One of the mysteries of the English language finally explained.
- ‘I do feel slightly guilty about it, but wondrously grateful.’
- ‘The traffic that teems around the base of the hotel is rendered wondrously inaudible by the double glazing, the walls are thick, and the air conditioners do not rouse themselves to more than a gentle buzz even at full blast.’
- ‘When the first stage of this project was completed, (along a different route) strange stories began to be circulated by the media and alleged actual users, of how wondrously clean and sleek and efficient and punctual it was.’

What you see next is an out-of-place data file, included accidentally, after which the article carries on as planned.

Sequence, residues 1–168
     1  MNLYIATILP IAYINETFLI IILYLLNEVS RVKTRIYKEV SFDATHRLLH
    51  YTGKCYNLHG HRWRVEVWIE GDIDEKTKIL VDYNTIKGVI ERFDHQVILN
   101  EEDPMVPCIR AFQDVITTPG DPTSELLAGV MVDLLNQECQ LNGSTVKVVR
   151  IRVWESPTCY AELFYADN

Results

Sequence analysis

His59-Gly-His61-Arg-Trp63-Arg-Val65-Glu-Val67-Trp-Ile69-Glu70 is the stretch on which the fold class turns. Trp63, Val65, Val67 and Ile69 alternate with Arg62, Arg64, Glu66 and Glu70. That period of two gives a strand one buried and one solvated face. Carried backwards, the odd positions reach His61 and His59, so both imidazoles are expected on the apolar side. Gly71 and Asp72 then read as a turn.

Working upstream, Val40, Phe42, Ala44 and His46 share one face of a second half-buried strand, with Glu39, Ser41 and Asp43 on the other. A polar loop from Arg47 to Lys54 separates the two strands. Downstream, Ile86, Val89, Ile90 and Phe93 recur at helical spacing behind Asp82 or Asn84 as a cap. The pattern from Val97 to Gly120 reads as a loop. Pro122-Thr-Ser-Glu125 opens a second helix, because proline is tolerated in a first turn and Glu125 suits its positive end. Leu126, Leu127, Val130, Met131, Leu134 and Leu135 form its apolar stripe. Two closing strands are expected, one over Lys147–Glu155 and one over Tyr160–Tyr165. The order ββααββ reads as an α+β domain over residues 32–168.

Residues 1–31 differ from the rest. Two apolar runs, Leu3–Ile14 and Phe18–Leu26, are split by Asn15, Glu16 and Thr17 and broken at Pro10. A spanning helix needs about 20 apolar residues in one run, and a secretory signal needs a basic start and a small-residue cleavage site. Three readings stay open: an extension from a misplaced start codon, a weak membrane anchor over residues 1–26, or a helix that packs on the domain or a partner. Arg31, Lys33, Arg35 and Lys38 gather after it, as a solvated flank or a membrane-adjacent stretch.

- ‘Under her blue mantle, embroidered in gold like her halo and the wondrously rendered transparency of her multifold veil, she wears a white-trimmed gown of pink, a little richer in colour than the thornless roses that surround her.’
- ‘The life of a single human being is so wondrously mysterious and so incredibly complicated; how infinitely more complicated is the network of relationships that go to make up a ‘democracy’.’
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